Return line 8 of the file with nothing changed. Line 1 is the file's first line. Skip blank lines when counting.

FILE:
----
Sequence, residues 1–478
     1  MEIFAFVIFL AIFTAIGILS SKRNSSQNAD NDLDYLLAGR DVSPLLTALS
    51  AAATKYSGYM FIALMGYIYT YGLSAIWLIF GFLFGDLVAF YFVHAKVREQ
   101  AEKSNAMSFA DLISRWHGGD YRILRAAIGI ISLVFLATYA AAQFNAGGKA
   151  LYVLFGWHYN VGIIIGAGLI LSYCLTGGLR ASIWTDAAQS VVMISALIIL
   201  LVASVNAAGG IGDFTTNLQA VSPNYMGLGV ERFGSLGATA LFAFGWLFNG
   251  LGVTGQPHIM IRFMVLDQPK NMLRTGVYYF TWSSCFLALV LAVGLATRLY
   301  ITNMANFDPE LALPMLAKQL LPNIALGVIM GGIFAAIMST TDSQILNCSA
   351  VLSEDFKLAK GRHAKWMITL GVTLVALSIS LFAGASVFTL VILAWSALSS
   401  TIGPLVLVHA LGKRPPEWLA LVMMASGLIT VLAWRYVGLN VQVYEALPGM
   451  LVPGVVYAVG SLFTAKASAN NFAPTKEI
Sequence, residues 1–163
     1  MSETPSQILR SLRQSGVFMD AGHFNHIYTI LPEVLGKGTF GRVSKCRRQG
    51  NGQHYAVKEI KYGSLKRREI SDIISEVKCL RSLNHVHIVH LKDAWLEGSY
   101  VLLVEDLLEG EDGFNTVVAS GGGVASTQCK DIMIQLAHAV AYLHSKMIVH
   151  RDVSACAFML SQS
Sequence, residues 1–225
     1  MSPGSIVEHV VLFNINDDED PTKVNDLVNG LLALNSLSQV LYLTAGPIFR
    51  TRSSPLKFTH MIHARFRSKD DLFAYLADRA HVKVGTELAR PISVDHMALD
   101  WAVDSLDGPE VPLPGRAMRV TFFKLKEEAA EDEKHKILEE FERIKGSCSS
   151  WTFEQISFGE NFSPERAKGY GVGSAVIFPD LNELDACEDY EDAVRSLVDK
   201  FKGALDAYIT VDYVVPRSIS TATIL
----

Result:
   301  ITNMANFDPE LALPMLAKQL LPNIALGVIM GGIFAAIMST TDSQILNCSA